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Six reasons why your body is involuntarily shaking

As we age, certain "most used" parts of body such as hands tend to shiver when held static. While this could be a sign of ageing, there may be other underlying reasons.

Mind Body By Meenakshi ChaudharyFeb 19, 2015


Shaking movements of the body also known as tremors are involuntary, rhythmic movements of parts of the body such as hands, arms, head and voice box. Such movements may be signs of some serious problem and should be treated as soon as possible. Here are the 6 possible reasons for such tremors. Image Courtesy: Getty


Parkinson’s disease

Parkinson’s disease is a degenerative disorder of the central nervous system, which often causes uncontrollable tremors of the body parts. The most significant symptoms are noticed in the hands. The defect in the brain, during Parkinson’s disease, causes the shaking movements as a result of unsuccessful attempt at controlling the movements. Such tremors of the hands help during the diagnosis of the disease. Image Courtesy: Getty


Quitting drinking

Alcohol withdrawal is also a common reason for shaking in the body. Medical care is recommended if a person experiences severe and uncontrollable tremors as a part of the withdrawal symptoms. If you have been drinking a lot, contact your doctor before quitting so that he can help you during the process. Image Courtesy: Getty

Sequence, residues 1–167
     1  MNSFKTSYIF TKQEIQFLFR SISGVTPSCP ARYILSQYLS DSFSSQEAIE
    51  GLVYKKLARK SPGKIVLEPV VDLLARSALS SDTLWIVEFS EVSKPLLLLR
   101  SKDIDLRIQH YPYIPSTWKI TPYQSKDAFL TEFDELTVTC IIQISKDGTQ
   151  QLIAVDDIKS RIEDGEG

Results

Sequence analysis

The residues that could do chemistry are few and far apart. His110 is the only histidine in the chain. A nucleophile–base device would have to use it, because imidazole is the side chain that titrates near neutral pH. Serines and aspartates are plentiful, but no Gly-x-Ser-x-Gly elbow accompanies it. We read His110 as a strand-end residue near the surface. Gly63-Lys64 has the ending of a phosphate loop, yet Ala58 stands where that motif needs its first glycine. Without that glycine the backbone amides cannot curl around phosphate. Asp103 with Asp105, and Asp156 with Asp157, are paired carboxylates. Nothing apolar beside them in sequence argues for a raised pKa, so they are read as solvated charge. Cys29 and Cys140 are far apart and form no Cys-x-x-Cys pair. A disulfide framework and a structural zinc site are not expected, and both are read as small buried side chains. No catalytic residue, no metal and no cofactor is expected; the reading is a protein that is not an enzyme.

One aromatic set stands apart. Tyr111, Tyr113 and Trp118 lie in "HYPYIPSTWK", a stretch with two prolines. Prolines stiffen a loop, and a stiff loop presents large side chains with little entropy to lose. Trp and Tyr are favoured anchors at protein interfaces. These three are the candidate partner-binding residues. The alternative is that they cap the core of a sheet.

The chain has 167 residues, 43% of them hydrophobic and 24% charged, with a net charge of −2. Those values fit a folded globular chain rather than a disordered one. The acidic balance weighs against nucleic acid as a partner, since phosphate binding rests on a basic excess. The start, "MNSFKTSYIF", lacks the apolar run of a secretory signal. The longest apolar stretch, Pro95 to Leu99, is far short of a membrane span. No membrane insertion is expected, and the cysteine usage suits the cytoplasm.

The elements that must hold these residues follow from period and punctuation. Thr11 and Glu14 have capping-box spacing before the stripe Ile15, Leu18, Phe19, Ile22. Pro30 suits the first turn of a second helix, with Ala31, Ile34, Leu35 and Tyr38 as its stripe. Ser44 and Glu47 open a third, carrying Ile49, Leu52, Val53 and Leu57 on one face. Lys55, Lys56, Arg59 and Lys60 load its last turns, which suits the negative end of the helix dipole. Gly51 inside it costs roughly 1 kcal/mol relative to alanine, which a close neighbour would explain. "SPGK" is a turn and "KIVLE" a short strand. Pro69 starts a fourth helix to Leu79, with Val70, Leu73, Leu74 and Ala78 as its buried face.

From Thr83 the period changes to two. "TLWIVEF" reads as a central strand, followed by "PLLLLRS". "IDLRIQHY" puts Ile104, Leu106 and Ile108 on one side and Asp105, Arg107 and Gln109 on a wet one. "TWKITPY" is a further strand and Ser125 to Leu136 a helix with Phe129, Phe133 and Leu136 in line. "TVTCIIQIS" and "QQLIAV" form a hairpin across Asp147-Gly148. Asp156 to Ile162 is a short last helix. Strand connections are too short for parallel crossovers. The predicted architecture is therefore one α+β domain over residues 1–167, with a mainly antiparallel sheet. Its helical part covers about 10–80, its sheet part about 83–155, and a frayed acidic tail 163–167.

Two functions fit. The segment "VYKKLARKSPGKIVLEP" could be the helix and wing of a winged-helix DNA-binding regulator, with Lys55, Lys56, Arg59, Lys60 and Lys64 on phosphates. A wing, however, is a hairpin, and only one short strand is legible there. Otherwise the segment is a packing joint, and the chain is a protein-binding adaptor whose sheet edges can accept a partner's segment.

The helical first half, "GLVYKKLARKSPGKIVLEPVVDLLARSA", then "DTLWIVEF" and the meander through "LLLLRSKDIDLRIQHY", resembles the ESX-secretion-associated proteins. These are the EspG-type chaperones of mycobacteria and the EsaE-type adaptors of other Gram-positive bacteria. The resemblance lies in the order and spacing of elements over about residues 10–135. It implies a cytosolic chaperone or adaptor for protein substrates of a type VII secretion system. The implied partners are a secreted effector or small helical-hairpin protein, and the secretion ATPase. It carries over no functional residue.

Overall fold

Multiple sclerosis

When the insulating covers of the nerve cells in the brain and spinal cord are spoiled, they cause multiple sclerosis. It is an inflammatory disease that affects the communication ability of the nerves causing tremors or shaking movements in the body. Image Courtesy: Getty




Stroke affects the blood supply to the brain due to ischemia or haemorrhage. Stroke is also one of the major reasons for body shaking due to lesions or damage to the cerebellum. Contact your doctor if you notice such shaking movements. Image Courtesy: Getty



A severe traumatic injury to the brain due to an external force or device can also cause shaking movements in the body. One of the most common symptoms associated with TBI is moderate to severe shaking movements. Keep your doctor aware about such tremors if you have had a brain injury or even a surgery. Image Courtesy: Getty


Sleep disorders

Sleep apnea, periodic limb movement disorder and parasomnia are some sleep disorders that may also cause shaking movements in the body. When you are experiencing sleep disorders, your body develops mild to moderate shaking in some parts of the body when you are awake. Image Courtesy: Getty



Although you don't have to panic about such shaking movements, however you should communicate everything to your doctor. If such shaking movements are left untreated or ignored for long, they may turn into a serious problem. If you have experienced any of the possible reasons mentioned above you need to be extra careful about such tremors. Image Courtesy: Getty

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